We’ve been privileged to partner with Acadia Insurance for several years thanks to their support for many different WinterKids initiatives, including sponsorship of License to Chill and participation in the Downhill 24, two of our most important annual fundraising initiatives.
To learn more about the importance of giving back as part of their company culture, we recently connected with Jonathan Becker, Regional Vice President and Branch Manager, and Jennifer Towne, Assistant Vice President of Marketing, for a quick interview. Here’s what they had to say…
Tell us how you became involved as a partner with WinterKids.
(Jonathan): About five or six years ago, one of my friends was heavily involved with WinterKids as a board member and shared what their organization was doing with WinterKids. I started to become interested in what Acadia could potentially do to help as well because, at that time, we were changing direction in how we were partnering with nonprofit and community organizations in order to make more of an impact.
We wanted to make sure that what we did was meaningful, and would prefer to teach people how to fish rather than simply giving them a fish. We felt that partnering with WinterKids would help us make a strong commitment to getting people outdoors and living healthier lifestyles and eating properly. That was something that really spoke to us as we changed our corporate stance.
Acadia certainly models giving back and community involvement. WinterKids has enjoyed help from groups of Acadia volunteers for several years. Tell us more about your philanthropic and community initiatives.
(Jennifer): What makes Acadia unique is that we empower our employees to help make decisions on where we contribute funds or even where we volunteer. We do that through grassroots efforts among our employees. We have a charitable committee in Maine, and we have committees in each of our branches in the states in which we’re located, and the committees are responsible for selecting the charities based on how they help advance their local communities or target groups, whether it be by helping their target markets find employment or help with other developmental opportunities, or even if it’s outdoor skills like WinterKids.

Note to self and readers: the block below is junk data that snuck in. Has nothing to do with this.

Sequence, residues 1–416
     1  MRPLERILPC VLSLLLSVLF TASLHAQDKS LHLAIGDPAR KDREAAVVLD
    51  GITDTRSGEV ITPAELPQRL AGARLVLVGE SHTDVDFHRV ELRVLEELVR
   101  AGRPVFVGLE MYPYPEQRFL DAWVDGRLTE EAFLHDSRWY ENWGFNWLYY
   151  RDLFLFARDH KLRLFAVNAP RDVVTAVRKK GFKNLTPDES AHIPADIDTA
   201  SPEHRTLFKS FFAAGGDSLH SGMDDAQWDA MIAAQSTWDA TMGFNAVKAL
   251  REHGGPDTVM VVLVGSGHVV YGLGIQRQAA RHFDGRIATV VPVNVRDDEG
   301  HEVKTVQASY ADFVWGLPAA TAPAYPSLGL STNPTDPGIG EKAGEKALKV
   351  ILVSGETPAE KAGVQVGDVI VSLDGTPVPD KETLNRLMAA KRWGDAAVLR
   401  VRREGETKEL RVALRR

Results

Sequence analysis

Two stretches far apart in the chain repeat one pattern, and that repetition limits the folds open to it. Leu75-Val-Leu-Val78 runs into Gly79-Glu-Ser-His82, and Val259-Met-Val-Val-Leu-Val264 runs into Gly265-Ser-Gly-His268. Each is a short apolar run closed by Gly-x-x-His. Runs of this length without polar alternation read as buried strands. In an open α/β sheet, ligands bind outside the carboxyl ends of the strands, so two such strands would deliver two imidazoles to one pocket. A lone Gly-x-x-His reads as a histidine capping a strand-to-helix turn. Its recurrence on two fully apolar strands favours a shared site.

Since 2010, we’ve donated over $600,000 to charities locally, and our employees have contributed over 3,500 volunteer hours in that same time period, so we’re really focused on continuing to encourage and enable our employees to get involved.
The way we structure our charitable and philanthropic giving is really a mirror of our parent company, Berkley’s effort and their decentralized operating structure that allows Acadia to make decisions locally. And so it’s Berkley enabling us to be able to give back locally as well.
How has the Downhill 24 brought together Acadia employees statewide and beyond?
(Jonathan): We’re getting more and more interest every year with people wanting to participate in the Downhill 24. So when we first started, we only had one team. We’re now up to two teams, and we’ve been doing that for the last three years. We’re hoping to pull together a third team next year, because a lot of our insurance agents, who are our customers, want to participate.
We have been structuring each of our teams with 50% key employees and 50% customers (our customers are insurance agencies throughout the region). It allows us to really share what WinterKids does, and it broadens the message beyond the Portland area to the entire state we operate in. My team is just Mainers, but our second team has a lot of skiers and riders from outside the state. So it’s actually shining a light on WinterKids outside of Maine too, which is cool. It’s really gathering a lot of steam, and a lot more people want to give to WinterKids and be a part of giving back to this great organization through involvement in the Downhill 24 teams.
I hear you’ve been bringing in some people from New York who have wanted to ski Sugarloaf too?
Yes! The third team I mentioned previously will allow us to actually bring New Yorkers to Sugarloaf. Everyone’s heard about the mountain, but a lot of people have never actually visited during ski season. So I think it’s going to be a great opportunity for us to bring some people to the mountain that have never seen it and experienced it in a really special way, too.